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Michigan sues opioid distributors under drug dealer law

FILE - This Oct. 16, 2019 file photos shows an AmerisourceBergen Corp. office building in Conshohocken, Pa. Michigan is suing four companies over the deadly painkiller epidemic. State Attorney General Dana Nessel says Michigan is the first state to sue major opioid distributors under a drug dealer liability law. The suit filed Tuesday, Dec. 17, names AmericsourceBergen, Cardinal Health, McKesson and Walgreens. They have been sued in other states, too. (AP Photo/Matt Rourke, File)

By DAVID EGGERT
Associated Press
LANSING — Michigan on Tuesday sued four companies over the deadly painkiller epidemic, becoming what state Attorney General Dana Nessel said is the first state to sue major opioid distributors under a liability law that is typically used to go after drug dealers.
The lawsuit was filed in Wayne County and names as defendants AmerisourceBergen, Cardinal Health, McKesson and Walgreens, which have also been sued in other states. The move makes Michigan the 49th state to have filed some kind of legal action against the opioid industry. Only Nebraska has not.
Nessel said Michigan’s suit is different because it targets distributors under a 1994 state law that was enacted to combat illegal drug trafficking.
The law lets people and governmental entities sue drug dealers for damages, even if the dealer did not make a sale specifically causing an injury.
The companies “all used their licenses to distribute controlled substances in Michigan as a cover for what is essentially a criminal enterprise,” Nessel said during a news conference attended by Gov. Gretchen Whitmer and the state’s chief medical executive. “They knowingly and deliberately distributed drugs in our state without controls. This was not only negligent. It was unlawful, a public nuisance.”
The suit says more than 2.8 billion opioid pills were distributed in Michigan between 2006 and 2012. McKesson distributed more than 500 million, with Walgreens — which distributes opioids and also dispenses prescriptions at its stores — “not far behind,” according to the complaint. Those who bought the drugs first needed to obtain a doctor’s prescription.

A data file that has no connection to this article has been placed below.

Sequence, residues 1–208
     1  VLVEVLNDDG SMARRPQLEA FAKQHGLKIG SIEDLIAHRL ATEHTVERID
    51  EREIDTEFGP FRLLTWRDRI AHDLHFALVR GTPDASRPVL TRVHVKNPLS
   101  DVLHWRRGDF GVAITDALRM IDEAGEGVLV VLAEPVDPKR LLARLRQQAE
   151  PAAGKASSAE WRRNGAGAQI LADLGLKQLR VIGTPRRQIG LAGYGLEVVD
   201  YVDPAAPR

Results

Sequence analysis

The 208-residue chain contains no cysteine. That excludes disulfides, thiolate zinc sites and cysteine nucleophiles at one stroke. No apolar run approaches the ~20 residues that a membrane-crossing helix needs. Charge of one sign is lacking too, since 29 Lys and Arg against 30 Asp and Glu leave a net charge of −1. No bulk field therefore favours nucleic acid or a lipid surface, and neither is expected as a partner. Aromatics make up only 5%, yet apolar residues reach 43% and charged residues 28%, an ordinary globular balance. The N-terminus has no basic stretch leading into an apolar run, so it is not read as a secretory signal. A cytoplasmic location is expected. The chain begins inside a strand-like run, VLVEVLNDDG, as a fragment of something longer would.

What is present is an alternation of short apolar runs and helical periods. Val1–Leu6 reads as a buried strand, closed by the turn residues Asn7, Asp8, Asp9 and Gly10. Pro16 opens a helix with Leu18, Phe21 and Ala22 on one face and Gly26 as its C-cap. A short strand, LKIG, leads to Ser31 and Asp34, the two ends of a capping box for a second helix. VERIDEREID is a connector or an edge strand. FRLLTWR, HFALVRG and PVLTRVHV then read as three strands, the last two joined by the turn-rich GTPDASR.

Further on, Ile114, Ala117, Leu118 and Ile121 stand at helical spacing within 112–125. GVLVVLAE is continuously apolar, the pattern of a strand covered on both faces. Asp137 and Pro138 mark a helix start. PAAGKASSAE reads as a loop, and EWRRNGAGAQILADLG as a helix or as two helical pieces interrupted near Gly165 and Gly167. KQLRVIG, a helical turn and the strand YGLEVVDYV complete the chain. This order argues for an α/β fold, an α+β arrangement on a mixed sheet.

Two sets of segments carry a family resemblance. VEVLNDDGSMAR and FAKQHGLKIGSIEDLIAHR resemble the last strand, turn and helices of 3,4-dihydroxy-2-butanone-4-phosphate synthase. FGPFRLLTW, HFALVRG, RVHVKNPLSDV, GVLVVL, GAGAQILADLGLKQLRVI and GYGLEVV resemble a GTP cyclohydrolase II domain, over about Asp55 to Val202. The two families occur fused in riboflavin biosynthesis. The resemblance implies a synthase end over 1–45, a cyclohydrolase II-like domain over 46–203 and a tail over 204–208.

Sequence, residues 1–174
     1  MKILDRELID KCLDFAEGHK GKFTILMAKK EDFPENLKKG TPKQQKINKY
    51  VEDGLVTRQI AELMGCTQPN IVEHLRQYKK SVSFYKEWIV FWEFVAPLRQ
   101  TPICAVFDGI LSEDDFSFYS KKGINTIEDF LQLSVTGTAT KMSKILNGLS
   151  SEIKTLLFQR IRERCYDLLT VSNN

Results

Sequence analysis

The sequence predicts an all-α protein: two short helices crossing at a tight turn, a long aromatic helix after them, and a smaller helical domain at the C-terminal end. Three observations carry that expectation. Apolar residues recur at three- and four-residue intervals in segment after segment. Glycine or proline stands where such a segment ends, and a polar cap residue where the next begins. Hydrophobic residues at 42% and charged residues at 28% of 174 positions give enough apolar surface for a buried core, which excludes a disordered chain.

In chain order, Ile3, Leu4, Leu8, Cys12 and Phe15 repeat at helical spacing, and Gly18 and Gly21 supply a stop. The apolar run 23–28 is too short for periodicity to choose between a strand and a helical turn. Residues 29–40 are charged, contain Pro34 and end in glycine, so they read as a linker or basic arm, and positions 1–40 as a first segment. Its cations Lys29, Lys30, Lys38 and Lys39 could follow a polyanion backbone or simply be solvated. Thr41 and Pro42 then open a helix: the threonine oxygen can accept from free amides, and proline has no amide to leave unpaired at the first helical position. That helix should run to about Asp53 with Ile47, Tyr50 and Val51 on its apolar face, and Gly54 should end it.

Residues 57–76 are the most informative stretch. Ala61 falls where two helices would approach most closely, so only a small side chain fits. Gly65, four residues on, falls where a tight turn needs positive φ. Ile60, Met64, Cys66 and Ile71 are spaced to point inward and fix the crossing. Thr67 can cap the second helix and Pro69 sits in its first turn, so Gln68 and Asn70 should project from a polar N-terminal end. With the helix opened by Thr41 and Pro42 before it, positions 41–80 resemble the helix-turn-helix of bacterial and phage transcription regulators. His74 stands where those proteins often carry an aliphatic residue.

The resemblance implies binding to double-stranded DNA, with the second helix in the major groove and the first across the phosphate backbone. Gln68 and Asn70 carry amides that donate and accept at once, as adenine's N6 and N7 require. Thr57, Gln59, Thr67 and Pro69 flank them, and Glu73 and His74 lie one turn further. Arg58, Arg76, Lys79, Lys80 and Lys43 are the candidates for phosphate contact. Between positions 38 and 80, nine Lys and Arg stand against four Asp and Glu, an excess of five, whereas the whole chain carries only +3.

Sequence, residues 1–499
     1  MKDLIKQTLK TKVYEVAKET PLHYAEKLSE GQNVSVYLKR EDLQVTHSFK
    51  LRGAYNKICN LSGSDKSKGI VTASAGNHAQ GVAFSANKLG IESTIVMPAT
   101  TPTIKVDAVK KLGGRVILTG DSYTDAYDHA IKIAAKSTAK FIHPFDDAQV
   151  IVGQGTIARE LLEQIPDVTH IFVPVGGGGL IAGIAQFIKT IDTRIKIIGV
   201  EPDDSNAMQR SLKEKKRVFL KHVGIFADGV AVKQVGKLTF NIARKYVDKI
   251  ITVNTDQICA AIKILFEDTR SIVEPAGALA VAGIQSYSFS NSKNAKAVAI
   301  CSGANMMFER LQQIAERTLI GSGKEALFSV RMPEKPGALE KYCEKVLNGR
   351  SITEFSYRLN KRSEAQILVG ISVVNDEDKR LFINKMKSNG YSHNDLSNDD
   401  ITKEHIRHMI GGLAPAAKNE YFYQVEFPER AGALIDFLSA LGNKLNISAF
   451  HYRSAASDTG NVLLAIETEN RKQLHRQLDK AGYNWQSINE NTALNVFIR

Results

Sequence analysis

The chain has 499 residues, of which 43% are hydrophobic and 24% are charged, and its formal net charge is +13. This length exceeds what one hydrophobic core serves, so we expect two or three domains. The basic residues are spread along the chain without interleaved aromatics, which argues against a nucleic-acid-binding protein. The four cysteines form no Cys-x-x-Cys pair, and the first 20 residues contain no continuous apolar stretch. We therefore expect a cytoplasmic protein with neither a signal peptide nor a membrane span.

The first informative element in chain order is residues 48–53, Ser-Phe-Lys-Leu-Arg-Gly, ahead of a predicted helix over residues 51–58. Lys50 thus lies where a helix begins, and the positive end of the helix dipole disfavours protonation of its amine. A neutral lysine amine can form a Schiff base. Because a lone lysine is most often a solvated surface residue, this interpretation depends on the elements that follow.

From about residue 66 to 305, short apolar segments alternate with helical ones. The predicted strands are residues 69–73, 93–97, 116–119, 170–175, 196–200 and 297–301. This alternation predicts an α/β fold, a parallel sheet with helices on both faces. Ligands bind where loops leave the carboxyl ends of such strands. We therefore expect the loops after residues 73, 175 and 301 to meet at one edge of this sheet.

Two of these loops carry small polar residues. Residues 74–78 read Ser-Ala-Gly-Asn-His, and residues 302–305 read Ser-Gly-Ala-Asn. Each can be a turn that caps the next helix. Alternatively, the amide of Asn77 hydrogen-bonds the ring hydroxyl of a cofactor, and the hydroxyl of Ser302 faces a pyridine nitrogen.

Michigan had nearly 2,600 overdose deaths in 2018, of which 2,036 were opioid-related. It was the first decline in six years.
Nessel noted that McKesson in 2017 agreed to pay a $150 million to settle a federal complaint alleging that it had failed to detect and report pharmacies’ suspicious orders of prescription pain pills. In 2016, Cardinal Health agreed to pay the federal government $44 million to resolve similar allegations. And Walgreens, the country’s second-largest pharmacy chain, agreed to pay $80 million in civil penalties in 2013.
In October, AmerisourceBergen, Cardinal Health and McKesson reached a $215 million settlement with two Ohio counties to avert the first federal trial over the crisis. Walgreens is the only defendant left in that trial.
Nessel said the four companies owe Michigan for increased costs related to law enforcement, drug rehabilitation, early childhood and special needs education, and health care, including for infants born to opioid-dependent women. She said she hoped Michigan could recoup more than $1 billion from the industry.
A Walgreens spokesman said the company doesn’t comment on pending litigation. AmerisourceBergen, Cardinal Health and McKesson didn’t immediately reply to messages seeking comment. The companies have previously argued that they functioned as a delivery service and kept federal authorities apprised of the quantities being shipped.
Nessel, a Democrat who took office nearly a year ago, said it took Michigan longer to sue than other states and local governments in part because her predecessor, Republican Attorney General Bill Schuette, didn’t do “a damn thing” to move forward with lawsuits that are “critical in regards to getting the finances that we need and that our state deserve as we tackle this incredibly devastating epidemic.”
In response, Schuette said he would “make no apologies” for what he said was an aggressive approach to fighting opioids.